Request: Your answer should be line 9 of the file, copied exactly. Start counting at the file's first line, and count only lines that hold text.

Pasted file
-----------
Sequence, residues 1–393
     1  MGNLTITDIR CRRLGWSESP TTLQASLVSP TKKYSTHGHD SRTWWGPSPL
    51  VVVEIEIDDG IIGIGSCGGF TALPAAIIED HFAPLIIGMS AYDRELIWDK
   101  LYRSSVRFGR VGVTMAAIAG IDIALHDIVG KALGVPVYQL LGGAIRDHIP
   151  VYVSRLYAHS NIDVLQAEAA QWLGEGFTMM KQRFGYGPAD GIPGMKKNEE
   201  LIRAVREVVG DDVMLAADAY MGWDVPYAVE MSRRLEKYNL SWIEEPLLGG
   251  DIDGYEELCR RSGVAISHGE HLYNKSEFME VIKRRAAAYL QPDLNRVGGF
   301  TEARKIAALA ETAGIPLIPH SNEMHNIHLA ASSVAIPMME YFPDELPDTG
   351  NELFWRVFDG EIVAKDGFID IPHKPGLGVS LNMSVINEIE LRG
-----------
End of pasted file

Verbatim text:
   351  NELFWRVFDG EIVAKDGFID IPHKPGLGVS LNMSVINEIE LRG